Miss S.C.: ‘Diabetes is nothing to be embarrassed about’

Staff photo by Derrek Asberry Miss South Carolina Daja Dial spoke about how diabetes has impacted her family during an annual Dining with Diabetes event at Aiken Municipal Building on Friday.

Being named Miss South Carolina is reason enough to keep a smile on Daja Dial’s face.

But the 2015 winner said she stays positive for her brother and other family members who have been diagnosed with diabetes.

In a packed room at the Aiken Municipal Building, Dial gave her personal testimony during the 16th annual Dining with Diabetes program – an event sponsored by The Diabetes Nutrition Teaching Center of Aiken Regional Medical Centers.

Dial is only 22 years old but has accomplished a lot including being named Miss South Carolina, Miss Clemson University during her time at the school and several other achievements.

But her journey on the right path started when she learned that her brother was diagnosed with Type I Diabetes, she said.

After watching her brother struggle with the condition, Dial began using her platform to discuss the effects of diabetes and how to combat against diagnosed.

“This issue is very near and dear to my heart and it’s one that I try to educate people (on),” Dial said. “Diabetes is nothing to be embarrassed about – that’s one of the first things people should learn.”

A point she also stressed in a room of nearly 200 people is that overcoming obstacles like diabetes is about believing in oneself, a message that she also spreads to students.

“I’m here to serve this state,” Dial said. “Whether it’s schools, church groups, or rotary clubs or whatever … it’s my job to let people know I’m here and available to serve them,” Dial said.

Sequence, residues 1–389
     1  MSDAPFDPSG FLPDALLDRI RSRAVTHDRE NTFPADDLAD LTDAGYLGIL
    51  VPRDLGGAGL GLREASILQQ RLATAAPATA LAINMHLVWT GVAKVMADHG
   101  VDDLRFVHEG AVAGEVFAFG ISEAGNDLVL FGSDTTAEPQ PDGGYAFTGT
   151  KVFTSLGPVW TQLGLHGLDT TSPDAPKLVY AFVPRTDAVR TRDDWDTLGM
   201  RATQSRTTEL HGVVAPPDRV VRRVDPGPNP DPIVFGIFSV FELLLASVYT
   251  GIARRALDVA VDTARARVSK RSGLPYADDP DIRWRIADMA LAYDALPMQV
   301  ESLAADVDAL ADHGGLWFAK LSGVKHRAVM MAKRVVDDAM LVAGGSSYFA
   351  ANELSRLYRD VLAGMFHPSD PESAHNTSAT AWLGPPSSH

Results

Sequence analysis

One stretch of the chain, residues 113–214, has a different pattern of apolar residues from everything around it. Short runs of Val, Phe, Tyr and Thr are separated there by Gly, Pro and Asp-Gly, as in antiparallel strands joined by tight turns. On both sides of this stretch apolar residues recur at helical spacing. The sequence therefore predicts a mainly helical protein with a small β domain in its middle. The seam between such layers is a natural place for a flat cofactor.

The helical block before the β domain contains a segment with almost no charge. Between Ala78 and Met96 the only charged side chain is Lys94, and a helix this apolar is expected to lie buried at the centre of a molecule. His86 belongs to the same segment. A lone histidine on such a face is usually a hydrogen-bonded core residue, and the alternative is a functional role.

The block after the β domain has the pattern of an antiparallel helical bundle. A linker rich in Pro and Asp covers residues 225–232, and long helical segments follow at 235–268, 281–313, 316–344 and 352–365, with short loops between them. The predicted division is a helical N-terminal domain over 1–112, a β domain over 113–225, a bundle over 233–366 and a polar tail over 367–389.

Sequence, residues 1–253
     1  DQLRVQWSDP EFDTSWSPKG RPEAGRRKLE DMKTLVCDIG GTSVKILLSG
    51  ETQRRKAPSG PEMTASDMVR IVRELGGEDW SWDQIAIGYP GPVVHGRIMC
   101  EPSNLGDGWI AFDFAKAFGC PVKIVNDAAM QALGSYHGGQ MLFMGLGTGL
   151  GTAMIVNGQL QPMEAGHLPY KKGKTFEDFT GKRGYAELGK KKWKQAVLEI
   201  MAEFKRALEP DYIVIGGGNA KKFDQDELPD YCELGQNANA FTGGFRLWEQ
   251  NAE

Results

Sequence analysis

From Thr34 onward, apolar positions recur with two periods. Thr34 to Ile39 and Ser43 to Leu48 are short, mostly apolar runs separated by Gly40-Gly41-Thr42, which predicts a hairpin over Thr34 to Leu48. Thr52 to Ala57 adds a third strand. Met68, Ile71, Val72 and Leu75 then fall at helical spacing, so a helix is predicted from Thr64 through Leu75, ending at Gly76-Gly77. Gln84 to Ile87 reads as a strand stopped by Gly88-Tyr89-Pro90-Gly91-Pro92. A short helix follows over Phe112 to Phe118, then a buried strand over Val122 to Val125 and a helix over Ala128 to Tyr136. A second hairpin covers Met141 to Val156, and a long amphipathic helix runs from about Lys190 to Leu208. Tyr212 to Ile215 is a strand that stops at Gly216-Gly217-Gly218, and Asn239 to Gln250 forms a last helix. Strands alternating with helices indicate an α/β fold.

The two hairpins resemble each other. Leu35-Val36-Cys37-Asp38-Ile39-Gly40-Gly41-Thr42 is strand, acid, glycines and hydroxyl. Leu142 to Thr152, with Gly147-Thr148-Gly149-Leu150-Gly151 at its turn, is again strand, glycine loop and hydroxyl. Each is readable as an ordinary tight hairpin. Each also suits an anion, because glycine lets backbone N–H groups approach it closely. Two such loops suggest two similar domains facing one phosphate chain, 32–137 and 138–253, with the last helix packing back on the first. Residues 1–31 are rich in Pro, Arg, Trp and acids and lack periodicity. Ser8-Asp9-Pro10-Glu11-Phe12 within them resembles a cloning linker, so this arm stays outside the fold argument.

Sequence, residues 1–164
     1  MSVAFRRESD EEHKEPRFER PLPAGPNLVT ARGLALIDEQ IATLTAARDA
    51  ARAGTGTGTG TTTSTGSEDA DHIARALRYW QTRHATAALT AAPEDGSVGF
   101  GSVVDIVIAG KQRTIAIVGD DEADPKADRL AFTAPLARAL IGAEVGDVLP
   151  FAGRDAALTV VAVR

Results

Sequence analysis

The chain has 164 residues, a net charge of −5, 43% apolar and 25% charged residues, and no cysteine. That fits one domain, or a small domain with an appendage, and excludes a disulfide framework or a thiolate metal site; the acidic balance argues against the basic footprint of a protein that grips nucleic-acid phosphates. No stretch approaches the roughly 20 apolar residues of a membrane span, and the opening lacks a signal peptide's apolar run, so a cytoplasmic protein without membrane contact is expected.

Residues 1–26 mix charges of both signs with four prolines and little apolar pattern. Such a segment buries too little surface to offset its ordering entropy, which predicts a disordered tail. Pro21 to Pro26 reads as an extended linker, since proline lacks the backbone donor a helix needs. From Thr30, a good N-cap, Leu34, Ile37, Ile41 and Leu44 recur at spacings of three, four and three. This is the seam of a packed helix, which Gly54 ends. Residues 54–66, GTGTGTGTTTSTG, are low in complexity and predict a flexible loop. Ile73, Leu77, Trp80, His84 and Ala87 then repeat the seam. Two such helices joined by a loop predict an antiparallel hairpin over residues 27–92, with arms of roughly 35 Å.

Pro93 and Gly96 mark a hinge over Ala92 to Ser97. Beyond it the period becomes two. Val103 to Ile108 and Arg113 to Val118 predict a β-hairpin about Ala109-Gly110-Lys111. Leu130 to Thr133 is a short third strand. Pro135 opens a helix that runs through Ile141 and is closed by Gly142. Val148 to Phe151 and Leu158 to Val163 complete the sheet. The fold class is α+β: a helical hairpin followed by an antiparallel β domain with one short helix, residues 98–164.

Dial’s message was well received by many, including Dionne Fadibe, a resident who spent part of the event speaking with Todd Franke, the manager of cardiovascular services at Aiken Regional, and Vadra Wertz who works in the hospital’s emergency department.

Fadibe said she tries to attend the event every year to show and gain support from fellow diabetics. It’s also an opportunity to speak to some of the experts and gain insight from them, she added.

“It’s good to see if any new information on diabetes has come out and to see people who also have diabetes and share information with them,” Fadibe said.

Nancy Goslen, an official with the Diabetes Nutrition Teaching Center, added that the event is a special one year because it helps draw attention to National Diabetes Awareness Month.

“We like to provide information on diabetes and also show people how to eat healthy for the holidays,” Goslen said.

Derrek Asberry is the SRS beat reporter for the Aiken Standard and has been with the paper since June 2013.

He is originally from Vidalia, Ga., and a graduate of Georgia Southern University.

Follow him on Twitter @DerrekAsberry.